Pubdate: Wed, 22 Dec 1999
Source: Toronto Star (CN ON)
Copyright: 1999, The Toronto Star
Author: Tim Harper, Toronto Star Ottawa Bureau


Ottawa's move accuses company of smuggling cigarettes

OTTAWA - The federal government has launched a $1 billion (U.S.) lawsuit
against one of the country's tobacco giants, alleging it smuggled cigarettes
into Canada.

The lawsuit, believed to be one of the largest ever launched by Ottawa,
alleges RJR-Macdonald Inc. and its related holding companies, defrauded
Ottawa by smuggling the smokes into Canada, ultimately forcing the federal
government to roll back taxes on cigarettes.

The cigarette manufacturer, which controlled about 20 per cent of the market
in the mid-1990s through its flagship brand Export `A,' was involved in an
``elaborate scheme to defraud, corrupt, cheat, steal and conceal'' when it
snuck its product back into Canada, all the while blaming the smuggling
problem on organized crime, court documents say.

In so doing, Ottawa alleges it lost tax revenues, was forced to spend money
combating smuggling, and had to give up its most potent weapon against youth
smoking - prohibitive pricing - according to the complaint filed in U.S.
Federal Court in Syracuse, N.Y.

The complaint for damages filed by the federal government contains
allegations that have not been proven in court.

``The defendant's goal of making money conflicted with Canada's goal of
protecting young people from smoking,'' Justice Minister Anne McLellan said.

``So they set out to undermine Canada's policy.''

Health Minister Allan Rock said the rate of smoking among youths aged 15 to
19 had jumped from 21 per cent in 1991 to 31 per cent five years later,
after taxes were chopped to combat smuggling.

``This rise is due, in large part, to the roll-back on cigarette taxes which
was forced on us by the rise in the smuggling in the 1990s,'' Rock said.

``This massive increase in smuggling did not just happen.''

Tobacco companies, Rock said, will ``not be allowed to frustrate public
policy in Canada.''

The government lawsuit alleges RJR and its related companies ``used an
elaborate network of smugglers and off-shore shell companies to ensure an
abundant supply of cheap cigarettes to the Canadian market.

``In so doing, they undermined our policy of cutting tobacco usage.''

The lawsuit seeks:

* To restrain the defendants and their alleged co-conspirators from engaging
further in smuggling and other unlawful conduct.

* To compel the defendants to surrender the profits of their unlawful

* To recover substantial damages suffered by Canada.

Guy Cote, a spokesperson for the company now known as JTI Macdonald-Corp., a
subsidiary of Tokyo-based Japan Tobacco, called the allegations ``a new
twist on an old story.''

But Cote said the company would withhold further comment until its lawyers
had thoroughly studied the court documents filed by Ottawa.

``We welcome a court appearance to allow us to tell our side of the story,''
he said.

Cote could not say whether the tobacco company would seek an out-of-court

McLellan, however, ruled that out as an option.

``We have no intention of settling,'' she said.

The federal ministers said the $1 billion figure is conservative. It
involves the smuggling of more than 2 billion cigarettes.

The civil action was filed in the United States because of the amount of
evidence already heard there in U.S. legal action, officials said. There
have already been 21 guilty pleas entered in New York state.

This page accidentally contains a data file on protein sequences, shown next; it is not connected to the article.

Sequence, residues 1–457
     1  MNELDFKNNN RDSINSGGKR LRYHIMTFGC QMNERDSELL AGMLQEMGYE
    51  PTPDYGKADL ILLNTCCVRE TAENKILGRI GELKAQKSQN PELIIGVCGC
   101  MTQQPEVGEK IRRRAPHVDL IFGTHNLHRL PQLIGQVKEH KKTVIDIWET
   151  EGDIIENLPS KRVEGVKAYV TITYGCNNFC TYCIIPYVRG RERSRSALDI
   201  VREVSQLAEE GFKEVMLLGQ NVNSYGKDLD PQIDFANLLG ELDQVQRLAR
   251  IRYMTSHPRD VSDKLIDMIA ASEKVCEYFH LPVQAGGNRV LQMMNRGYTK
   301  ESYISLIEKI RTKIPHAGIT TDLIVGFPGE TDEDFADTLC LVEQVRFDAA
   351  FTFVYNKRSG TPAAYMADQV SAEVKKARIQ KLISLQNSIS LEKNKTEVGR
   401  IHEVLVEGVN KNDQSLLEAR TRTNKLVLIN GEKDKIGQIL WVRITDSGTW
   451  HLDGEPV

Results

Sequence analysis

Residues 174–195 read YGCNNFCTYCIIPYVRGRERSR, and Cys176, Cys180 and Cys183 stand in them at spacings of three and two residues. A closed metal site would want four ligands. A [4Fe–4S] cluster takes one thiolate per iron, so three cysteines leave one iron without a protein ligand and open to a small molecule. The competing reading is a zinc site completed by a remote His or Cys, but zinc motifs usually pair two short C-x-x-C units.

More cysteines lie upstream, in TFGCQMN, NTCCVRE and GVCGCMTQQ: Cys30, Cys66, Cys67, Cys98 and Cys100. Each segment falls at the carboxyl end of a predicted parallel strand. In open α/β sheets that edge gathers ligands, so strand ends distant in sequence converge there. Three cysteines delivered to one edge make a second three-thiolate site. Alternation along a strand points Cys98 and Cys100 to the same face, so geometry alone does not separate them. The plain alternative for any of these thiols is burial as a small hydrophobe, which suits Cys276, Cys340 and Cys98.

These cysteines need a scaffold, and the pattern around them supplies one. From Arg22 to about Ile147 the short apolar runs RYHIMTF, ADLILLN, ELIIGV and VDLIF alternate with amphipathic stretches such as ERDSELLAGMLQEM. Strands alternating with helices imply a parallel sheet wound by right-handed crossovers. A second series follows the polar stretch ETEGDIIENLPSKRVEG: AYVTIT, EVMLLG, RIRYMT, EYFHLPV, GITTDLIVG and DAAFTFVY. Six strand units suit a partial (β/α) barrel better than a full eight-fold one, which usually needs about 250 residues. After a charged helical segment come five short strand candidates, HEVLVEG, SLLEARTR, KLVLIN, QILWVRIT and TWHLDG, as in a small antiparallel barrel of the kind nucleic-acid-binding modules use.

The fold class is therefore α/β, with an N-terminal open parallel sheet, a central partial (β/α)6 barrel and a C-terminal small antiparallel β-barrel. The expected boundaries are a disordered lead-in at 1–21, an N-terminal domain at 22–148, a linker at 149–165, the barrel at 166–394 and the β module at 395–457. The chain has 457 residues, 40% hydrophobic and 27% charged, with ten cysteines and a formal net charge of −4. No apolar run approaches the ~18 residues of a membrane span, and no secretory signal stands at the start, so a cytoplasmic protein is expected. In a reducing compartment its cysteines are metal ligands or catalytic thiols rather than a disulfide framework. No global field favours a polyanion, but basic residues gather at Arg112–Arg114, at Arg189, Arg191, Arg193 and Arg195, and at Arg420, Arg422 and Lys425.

One man identified as a smuggling ringleader was sentenced to 17 years in
prison Monday.

McLellan said criminal charges would be up to the RCMP.

``It's very significant when the justice minister accuses the tobacco
industry of being involved in criminal conspiracy,'' said Rob Cunningham of
the Canadian Cancer Society.

Even though Ottawa filed a civil action, he said, it could eventually lead
to criminal charges. A civil action demonstrates political will, he said.

``I hope this will lead to the recognition that tobacco taxes can be raised
substantially and quickly without contraband resulting,'' he said.

``I don't think this is the end of it.''

Ottawa moved under the U.S. statute known as the Racketeer Influenced and
Corrupt Organizations Act (RICO). Under its terms, a judge can triple
damages, says Fred Bartlit, the Chicago-based lawyer who will be
representing the government.

Ontario is taking advantage of the statute in its $59 billion lawsuit
against U.S. tobacco companies to recover the health-related costs of
smoking. But the province's lawsuit is stalled in the courts because a
separate U.S. court case involving the government of Guatemala is
challenging that legal avenue.

The Canadian Tobacco Manufacturers Council, the organization which speaks
for the country's cigarette manufacturers, is also named in the federal
government's lawsuit.

The CTMC, according to Revenue Minister Martin Cauchon, was used by
RJR-Macdonald to ``throw the government off the smuggling trail.''

Specifically, according to the government complaint, the CTMC, headed by
well-known Ottawa lobbyist Rob Parker, contended that cross-border smuggling
was controlled by diverse groups such as the Italian Mafia, Asian and
Russian organized crime and motorcycle gangs.

While it was making these charges, RJR was setting up a shell company in the
U.S., the government complaint states.

Yesterday, a spokesperson for the CTMC said it would not immediately

Reform health critic Keith Martin (Esquimalt-Juan de Fuca) said Ottawa
should back their civil action with a move to raise cigarette prices in
central Canada back to the same levels as those in neighbouring American

NDP health critic Judy Wasylycia-Leis (Winnipeg North Centre) said the suit
was a ``half measure.

``Why didn't the government take action to recoup health care costs.

``Any measure like this should go hand-in-hand with a substantial tax
increase as quickly as possible.''
- ---
MAP posted-by: Don Beck